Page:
Hamza El Din, the oud virtuoso and a powerful, understated vocalist, is an acknowledged master of Nubian music who has disseminated his culture in the west for over three decades and has made San Francisco home in recent years. In the past decade, a new wave of acclaim has been partly due to his involvement, as a composer and performer, in the Kronos Quartet's popular Pieces of Africa album.
El Din has worked up another spare and striking album of music, A Wish (Sounds True M110D; 56:36), on which he supplies the central core of A Wish, playing oud, the percussion instrument called the tar, and singing, sometimes in overdubbed layers. But outside input is also offered by Kronos cellist Jean Jeanrenaud, pianist W.A. Mathieu, nay player Amy Cyr, and Jordan-born percussionist Hani Naser. The album conveys a special, poignant thematic link to his heritage: his childhood village of Toshka was literally submerged under water in an Egyptian dam project in 1964.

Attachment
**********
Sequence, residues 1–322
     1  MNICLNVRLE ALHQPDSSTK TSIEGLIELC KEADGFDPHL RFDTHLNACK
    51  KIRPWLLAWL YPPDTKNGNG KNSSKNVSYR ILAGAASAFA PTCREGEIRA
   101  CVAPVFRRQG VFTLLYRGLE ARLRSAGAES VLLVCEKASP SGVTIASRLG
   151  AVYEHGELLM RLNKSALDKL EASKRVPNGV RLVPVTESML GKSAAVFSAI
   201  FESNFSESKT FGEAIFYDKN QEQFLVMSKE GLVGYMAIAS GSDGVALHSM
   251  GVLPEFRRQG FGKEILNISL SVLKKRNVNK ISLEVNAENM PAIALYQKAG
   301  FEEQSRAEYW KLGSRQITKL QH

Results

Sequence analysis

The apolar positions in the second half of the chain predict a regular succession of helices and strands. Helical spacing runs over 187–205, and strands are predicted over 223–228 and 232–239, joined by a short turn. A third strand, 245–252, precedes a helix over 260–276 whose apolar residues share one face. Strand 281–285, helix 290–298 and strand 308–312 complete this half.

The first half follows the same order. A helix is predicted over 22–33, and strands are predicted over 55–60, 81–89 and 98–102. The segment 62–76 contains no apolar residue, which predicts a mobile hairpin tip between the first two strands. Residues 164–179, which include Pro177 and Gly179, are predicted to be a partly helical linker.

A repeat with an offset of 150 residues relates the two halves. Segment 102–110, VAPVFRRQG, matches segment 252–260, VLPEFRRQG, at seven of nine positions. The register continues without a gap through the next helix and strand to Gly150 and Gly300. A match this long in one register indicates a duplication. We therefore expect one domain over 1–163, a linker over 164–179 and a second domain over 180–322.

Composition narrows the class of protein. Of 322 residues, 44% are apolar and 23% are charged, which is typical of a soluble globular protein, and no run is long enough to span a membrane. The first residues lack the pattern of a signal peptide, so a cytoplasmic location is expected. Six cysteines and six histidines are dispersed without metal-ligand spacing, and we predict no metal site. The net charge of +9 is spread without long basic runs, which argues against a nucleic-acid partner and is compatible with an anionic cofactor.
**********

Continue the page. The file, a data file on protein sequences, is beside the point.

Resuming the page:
The metaphor, and actuality, of traditional values buried by technology, is a powerful one, and a fitting point of reference for his songs that express, literally and by musical example, a longing for Nubian traditions. He sings, in the title song, "A Wish," "we are as inseparable from our Nubian ways as is a finger from a fingernail/Wherever we go, we carry our values with us."